Spring 2016 – Graduate Seminars
Instructor: LeMenager, Stephanie
Instructor: Laskaya, Anne
This one credit workshop prepares Graduate Teaching Fellows to teach in free-standing undergraduate courses. It aims to provide concrete, practical advice on key aspects of teaching undergraduate classes in literature or film: pedagogy; assisting in large classes; managing classes of 40 students; teaching literary or film/media texts; drawing up syllabi; making lesson plans; crafting paper topics. For the first month, we will meet in a large group; the group will then be divided into two smaller sections, which will each meet three more times, on alternate weeks, for workshops on syllabi, lesson plans, and paper topics.
Instructor: Gershow, Miriam
Prospective Composition GTFs who are currently enrolled in or have successfully completed ENG 611 spend one term working with an experienced teacher in a section of WR121 or WR122. The apprenticeship is set up to complement the theoretical work in ENG 611 with practical experience for teaching WR121 or 122. Grading option is P/NP only.
Instructor: Pyle, Forest
This course will explore key theoretical works that shape and illuminate the study of literary and cultural texts. It will include three units. The first will take up semiotically-oriented accounts of symbolic formations including writings by Saussure, Barthes, The Frankfurt School, Althusser, Gramsci, Derrida. The second unit will be concerned with theories that explore the effects and affects of these formations and will include work by Benjamin, Arendt, Merleau-Ponty, Foucault, Deleuze. The third unit will focus on theories that are concerned with literary and cultural texts in relation to social and historical identities and will include work by Fanon, Djebar, Spivak, Mohanty, Gikandi, Gates, hooks and Butler.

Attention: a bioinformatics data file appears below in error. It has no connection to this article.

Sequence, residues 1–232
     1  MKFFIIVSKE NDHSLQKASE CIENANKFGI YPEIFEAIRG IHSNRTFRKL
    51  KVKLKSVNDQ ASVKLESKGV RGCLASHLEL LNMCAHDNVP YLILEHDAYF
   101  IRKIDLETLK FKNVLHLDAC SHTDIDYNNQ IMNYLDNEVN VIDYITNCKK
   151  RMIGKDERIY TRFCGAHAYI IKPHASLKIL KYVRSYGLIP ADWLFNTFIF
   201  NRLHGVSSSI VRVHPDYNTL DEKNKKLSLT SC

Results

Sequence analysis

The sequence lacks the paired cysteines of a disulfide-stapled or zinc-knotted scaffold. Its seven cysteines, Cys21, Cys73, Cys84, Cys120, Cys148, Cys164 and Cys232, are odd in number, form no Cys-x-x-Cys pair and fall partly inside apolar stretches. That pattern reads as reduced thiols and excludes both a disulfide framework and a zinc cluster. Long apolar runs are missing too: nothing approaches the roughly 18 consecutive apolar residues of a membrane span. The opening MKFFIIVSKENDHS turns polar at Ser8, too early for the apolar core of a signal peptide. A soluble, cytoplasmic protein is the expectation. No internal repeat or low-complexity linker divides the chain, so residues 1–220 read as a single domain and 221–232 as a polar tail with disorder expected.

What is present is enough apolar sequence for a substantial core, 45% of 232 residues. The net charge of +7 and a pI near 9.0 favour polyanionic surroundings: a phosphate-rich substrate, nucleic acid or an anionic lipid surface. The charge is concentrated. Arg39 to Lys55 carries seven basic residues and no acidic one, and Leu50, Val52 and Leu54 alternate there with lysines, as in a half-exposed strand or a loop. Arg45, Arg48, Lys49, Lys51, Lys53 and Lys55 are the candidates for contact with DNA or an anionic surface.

Instructor: Pyle, Forest
Instructor: Rowe, George
This course attempts to provide a general overview of the drama of the English Renaissance. It has several goals: 1) to explore the characteristics and cultural context of what is arguably the most successful commercial theater known to us; 2) to examine the dramatic accomplishments of some of Shakespeare’s contemporaries and rivals; and 3) to reclaim thereby a Shakespeare who neither arose out of, nor wrote within, a historical and literary vacuum. (It thus assumes some familiarity with a representative selection of Shakespeare’s plays.)
We will also look briefly at some classical, Medieval, and Tudor antecedents (a tragedy by Seneca; Mankynd, perhaps Fulgens and Lucrece, the earliest secular drama in English that has survived), as well as consider the ways in which Early Modern drama might be viewed as an unacknowledged forerunner of the mixture of sexual obsession, violence, and grotesque humor characteristic of certain areas of popular culture today.
Instructor: Sayre, Gordon
Biodiversity and endangered species, native and invasive species, the threat of the sixth extinction; so much of today’s environmental politics relies upon species identity. This seminar examines the origins of species in the work of early modern naturalists, and proposes that the concept of species changes with the media available to describe, represent, and disseminate images of living organisms. From early print woodcuts, to drawings and paintings made in the field, to the type specimens in herbaria, to taxidermy and dioramas, to genomic databases, humans conceive and conserve natural diversity only through their ability to record, store, and catalogue the “library of life.” The course will direct special attention toward the problem of natural history in Colonial America, and will include research opportunities in the Knight Library Rare Books and Special Collections, in collaboration with the Oregon Rare Books Initiative lecture series for 2015-16.
ENG 695 Film Studies: Silent Film
Instructor: Aronson, Michael
This seminar on early cinema focuses on international film history from the beginnings of the form in the 19th century to the coming of commercial synchronous sound in the late 1920s. This seminar will cover topics that include early motion picture technology, the development of commercial exhibition practices, the evolution of narrative and editing techniques, the growth of the Hollywood studio system, as well other significant national cinemas as they arose in the first decades of the twentieth century. The required work of the seminar will include a weekly evening screening, time and place tbd.